|The valley of flowers|
|Location||Ganderbal, Kashmir valley|
|Primary inflows||Melting of snow|
|Primary outflows||A stream tributory of Neelum River|
|Max. length||0.85 kilometres (0.53 mi)|
|Max. width||0.76 kilometres (0.47 mi)|
|Surface area||0.7421 km2 (0.2865 sq mi)|
|Surface elevation||3,600 metres (11,800 ft)|
|Frozen||December to April|
The Gadsar Lake (Urdu: ﮔﺎﮈﺳﺮ ﺟﮭﻴﻞ, Kashmiri: ﻏﺎﮌ ﺳﺁﺭ) or the Yemsar Lake also called as the lake of flowers is a picturesque, alpine high altitude oligotrophic lake in Ganderbal district of Kashmir valley at an elevation of 3600 metres. It has a max. length of 0.85 kilometres and max. width of 0.76 kilometres.
Gadsar in Kashmiri means the lake of fishes, a natural habitat of trout and other types of fishes among of which is the brown trout. The lake freezes in the month of November to April and is mostly covered by snow during these months, the floating ice bergs are seen even in summer. It is surrounded by alpine meadows full of various kinds of wild alpine flowers, therefore the lake is also called as the valley of flowers. The lake is mainly fed by melting of glaciers. The Gadsar Lake outflows through a stream flows north westwards and joins Neelum River at Tulail.
The Gadsar Lake is situated 108 kilometres northeast from Srinagar city. From Naranag a 28 km alpine track leads to the lake. Another track of 41 km northwest from Shitkadi Sonamarg via Vishansar Lake and Krishansar Lake leads to the Gadsar Lake crossing two mountain passes of Nichnai and Gadsar of more than 4100 meters above sea level. The best time to visit is from the month of June to September.
Gadsar, the lake of death
The Gadsar Lake is also named as Yemsar which means the lake of demon and is referred as the lake of death. A myth still unresolved. The shepherds grazing their folks in the outskirts of Gadsar lake during summers believe that, there lives a Lake Monster, a freshwater Octopus which drags the creatures from shores by its tentackles into the water. There is an uncertainty in the minds of visitors, a kind of threat which prevents them going near the shores. The shepherds also chose otherwise grazing their folks at the shores of the lake. There has never been any attempt made by anyone to find the reality. The fishes are being caught outside the lake in a stream from which it flows out.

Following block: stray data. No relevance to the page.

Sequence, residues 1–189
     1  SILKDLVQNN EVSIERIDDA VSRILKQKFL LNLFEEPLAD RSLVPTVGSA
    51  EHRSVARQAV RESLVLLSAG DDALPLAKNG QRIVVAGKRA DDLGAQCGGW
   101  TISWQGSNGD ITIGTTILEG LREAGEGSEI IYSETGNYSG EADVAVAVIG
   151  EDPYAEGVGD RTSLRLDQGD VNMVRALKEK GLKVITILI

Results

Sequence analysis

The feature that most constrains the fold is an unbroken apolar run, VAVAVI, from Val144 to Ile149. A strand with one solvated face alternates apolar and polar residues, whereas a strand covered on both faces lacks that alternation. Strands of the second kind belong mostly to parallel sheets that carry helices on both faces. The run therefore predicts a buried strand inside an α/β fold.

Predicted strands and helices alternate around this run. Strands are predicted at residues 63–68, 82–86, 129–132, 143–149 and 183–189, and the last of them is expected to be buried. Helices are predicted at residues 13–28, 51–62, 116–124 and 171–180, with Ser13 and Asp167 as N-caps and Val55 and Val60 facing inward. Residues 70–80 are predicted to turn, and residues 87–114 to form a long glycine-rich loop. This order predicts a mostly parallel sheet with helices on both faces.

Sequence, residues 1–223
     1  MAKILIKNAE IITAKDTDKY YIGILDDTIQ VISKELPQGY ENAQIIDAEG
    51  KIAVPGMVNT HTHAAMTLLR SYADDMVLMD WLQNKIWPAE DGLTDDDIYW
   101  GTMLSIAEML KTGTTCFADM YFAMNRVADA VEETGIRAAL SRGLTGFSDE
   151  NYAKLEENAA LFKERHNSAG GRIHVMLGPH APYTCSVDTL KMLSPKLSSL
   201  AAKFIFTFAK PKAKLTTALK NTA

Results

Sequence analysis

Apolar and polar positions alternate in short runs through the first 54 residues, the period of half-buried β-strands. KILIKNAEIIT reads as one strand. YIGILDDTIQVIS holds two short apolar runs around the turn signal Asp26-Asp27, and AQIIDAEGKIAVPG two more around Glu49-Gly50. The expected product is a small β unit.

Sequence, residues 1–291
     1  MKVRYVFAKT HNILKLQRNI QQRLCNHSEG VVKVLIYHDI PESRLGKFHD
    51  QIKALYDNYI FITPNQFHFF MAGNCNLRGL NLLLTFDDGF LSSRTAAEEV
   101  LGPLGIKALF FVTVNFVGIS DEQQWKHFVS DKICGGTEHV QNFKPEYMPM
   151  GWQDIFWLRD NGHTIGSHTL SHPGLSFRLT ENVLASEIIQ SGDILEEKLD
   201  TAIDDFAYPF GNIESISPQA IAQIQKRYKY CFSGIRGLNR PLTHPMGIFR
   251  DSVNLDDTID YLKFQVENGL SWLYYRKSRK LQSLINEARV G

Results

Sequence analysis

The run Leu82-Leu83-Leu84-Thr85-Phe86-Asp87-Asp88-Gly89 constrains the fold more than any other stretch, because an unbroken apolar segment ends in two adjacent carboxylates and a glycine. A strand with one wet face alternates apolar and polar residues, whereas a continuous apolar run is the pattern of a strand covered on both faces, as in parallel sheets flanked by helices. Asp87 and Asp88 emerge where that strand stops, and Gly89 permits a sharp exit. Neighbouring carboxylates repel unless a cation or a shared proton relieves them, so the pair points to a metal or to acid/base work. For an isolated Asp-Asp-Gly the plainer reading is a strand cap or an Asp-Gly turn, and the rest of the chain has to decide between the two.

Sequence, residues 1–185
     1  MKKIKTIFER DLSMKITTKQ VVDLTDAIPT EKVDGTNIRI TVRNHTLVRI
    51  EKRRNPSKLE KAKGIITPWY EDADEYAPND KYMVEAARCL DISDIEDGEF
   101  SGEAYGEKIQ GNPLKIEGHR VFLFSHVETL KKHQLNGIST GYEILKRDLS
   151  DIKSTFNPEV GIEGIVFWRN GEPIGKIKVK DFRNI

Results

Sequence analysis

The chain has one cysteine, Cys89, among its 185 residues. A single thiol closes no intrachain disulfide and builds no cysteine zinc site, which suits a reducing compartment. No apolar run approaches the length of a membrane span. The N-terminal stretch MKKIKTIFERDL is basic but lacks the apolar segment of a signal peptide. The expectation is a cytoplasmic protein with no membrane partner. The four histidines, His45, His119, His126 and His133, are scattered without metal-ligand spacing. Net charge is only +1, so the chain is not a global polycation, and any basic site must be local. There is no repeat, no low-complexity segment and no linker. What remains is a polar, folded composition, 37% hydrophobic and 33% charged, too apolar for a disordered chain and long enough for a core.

Indian Army maintains a base near the lake during the summer months. Hikers passing near the base are often frisked and asked to return.
|Wikimedia Commons has media related to Gadsar Lake.|
- Sir Charles Metcalfe MacGregor, Charles Ellison Bates (1995). Central Asia: section 1. A gazetteer of Kashmír. Barbican Publishing Company, 1995. pp. 188, 496–. ISBN 9781900056854. Retrieved 31 July 2012.
- Raina, HS; KK Vass (May–June 2006). "Some biological features of a freshwater fairy shrimp, Branchinecta schantzi, Mackin, 1952 in the Northwestern Himalayas, India" (PDF). J. Indian Inst. Sci. 86: 287–291. Retrieved 21 February 2012.
- "Gangabal in Ganderbal". kashmirparadise.com. Retrieved 2012-04-19.
- "Fishes and Fisheries in high altitude lakes, Vishansar, Gadsar, Gangabal, Krishansar". Fao.org. Retrieved 2012-04-19.
- Petr, ed. by T. (1999). Fish and fisheries at higher altitudes : Asia. Rome: FAO. p. 72. ISBN 92-5-104309-4.
- "Gadsar the valley of flowers". aazadkashmir.com. Retrieved 2012-04-19.
- "Sonamarg - Vishansar - Naranag Trek". KashmirTreks.in. Retrieved 2012-04-19.
- "Go to Kashmir". go2kashmir.com. Retrieved 2012-04-19.
- A. P. Agarwala (1977). Holiday resorts of Jammu & Kashmir: a travellers' guide. Nest & Wings (India), 1977. p. 116-. Retrieved 1 August 2012.